WASHINGTON — A legal battle over permitting for a proposed Culpeper County mosque will be ending soon, with a settlement expected to resolve the matter.
Lawyers for the county and the Justice Department were in a federal courtroom in Charlottesville Wednesday morning for the first hearing in the case.
The county tried to make an argument to get the case dismissed.
The Justice Department alleges that Culpeper County went out of its way to deny a sewer permit for a proposed Islamic center, bowing to public pressure pushing against having a Muslim prayer center in their community.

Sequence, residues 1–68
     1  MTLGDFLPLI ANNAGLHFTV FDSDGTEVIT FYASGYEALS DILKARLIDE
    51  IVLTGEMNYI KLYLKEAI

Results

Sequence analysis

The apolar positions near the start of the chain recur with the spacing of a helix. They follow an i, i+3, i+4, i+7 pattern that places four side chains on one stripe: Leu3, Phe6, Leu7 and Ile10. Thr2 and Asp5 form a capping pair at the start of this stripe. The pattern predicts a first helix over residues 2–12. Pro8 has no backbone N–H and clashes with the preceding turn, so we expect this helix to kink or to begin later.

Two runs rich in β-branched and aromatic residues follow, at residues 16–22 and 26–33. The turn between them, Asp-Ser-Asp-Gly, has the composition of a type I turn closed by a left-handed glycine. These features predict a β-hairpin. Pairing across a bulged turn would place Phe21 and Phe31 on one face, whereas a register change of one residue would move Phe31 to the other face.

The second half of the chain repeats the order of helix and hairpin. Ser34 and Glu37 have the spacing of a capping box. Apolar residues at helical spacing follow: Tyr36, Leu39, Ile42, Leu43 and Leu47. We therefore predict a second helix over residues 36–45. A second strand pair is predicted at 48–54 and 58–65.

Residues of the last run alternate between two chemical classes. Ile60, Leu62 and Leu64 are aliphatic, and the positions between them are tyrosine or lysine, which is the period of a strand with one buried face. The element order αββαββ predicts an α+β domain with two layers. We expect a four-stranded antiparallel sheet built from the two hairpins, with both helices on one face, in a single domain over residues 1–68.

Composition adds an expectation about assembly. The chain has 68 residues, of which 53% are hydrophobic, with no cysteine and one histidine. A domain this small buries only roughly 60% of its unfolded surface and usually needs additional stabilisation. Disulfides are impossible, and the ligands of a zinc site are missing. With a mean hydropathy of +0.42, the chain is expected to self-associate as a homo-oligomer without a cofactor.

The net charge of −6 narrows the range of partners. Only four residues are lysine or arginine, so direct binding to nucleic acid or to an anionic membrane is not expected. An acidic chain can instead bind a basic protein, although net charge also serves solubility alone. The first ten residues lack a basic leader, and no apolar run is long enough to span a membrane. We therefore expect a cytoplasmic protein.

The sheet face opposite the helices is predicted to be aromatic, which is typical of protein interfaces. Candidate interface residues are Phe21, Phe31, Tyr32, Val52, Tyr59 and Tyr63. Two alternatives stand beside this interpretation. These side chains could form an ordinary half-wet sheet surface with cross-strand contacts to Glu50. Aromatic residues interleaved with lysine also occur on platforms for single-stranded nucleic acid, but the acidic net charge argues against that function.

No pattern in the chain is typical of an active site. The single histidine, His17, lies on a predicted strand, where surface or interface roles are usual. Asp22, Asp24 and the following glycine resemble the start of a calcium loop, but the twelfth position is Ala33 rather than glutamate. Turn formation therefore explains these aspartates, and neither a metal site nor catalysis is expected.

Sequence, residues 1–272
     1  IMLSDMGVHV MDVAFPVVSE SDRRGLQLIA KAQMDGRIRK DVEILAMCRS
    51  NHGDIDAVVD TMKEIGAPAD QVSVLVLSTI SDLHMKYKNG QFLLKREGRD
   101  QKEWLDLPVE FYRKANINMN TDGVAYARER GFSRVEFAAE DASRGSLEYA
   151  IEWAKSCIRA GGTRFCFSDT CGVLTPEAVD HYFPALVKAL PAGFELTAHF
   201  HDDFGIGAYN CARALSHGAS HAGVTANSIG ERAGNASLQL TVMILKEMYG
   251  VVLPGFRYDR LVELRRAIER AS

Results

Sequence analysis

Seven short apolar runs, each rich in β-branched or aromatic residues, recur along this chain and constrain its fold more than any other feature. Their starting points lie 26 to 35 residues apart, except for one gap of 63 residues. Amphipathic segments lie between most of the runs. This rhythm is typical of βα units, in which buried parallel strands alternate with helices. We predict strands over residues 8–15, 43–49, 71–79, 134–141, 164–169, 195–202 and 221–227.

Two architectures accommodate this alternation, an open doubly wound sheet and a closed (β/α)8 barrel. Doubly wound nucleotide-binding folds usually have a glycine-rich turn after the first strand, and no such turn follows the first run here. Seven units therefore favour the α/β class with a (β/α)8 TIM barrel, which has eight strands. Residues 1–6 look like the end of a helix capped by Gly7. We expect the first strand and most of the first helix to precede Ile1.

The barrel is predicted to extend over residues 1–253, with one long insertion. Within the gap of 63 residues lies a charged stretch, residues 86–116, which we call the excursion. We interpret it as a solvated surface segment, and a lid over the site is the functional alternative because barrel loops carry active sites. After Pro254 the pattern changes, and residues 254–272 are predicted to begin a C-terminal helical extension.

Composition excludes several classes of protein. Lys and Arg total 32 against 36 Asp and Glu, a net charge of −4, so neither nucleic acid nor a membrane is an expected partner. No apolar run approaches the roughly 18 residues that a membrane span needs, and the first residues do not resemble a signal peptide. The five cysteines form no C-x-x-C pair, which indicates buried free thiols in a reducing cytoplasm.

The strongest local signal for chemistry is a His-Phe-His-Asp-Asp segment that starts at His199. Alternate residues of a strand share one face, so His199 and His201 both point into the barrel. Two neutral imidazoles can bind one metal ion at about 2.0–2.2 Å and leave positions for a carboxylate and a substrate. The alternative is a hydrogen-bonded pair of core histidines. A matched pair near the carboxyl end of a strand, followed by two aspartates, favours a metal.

Culpeper County’s attorney in the case argued that denying the permit did not stop the organization from building a mosque in the county.
The Culpeper Star Exponent reports the federal judge hearing the case said in court he found it odd that the county would routinely approve pump-and-haul sewage permits to other applicants but would deny the permit for a Muslim applicant.
After that hourlong hearing, both sides requested to work out a settlement.
Both sides are expected to appear in a Harrisonburg federal courtroom on April 6 for a settlement conference.
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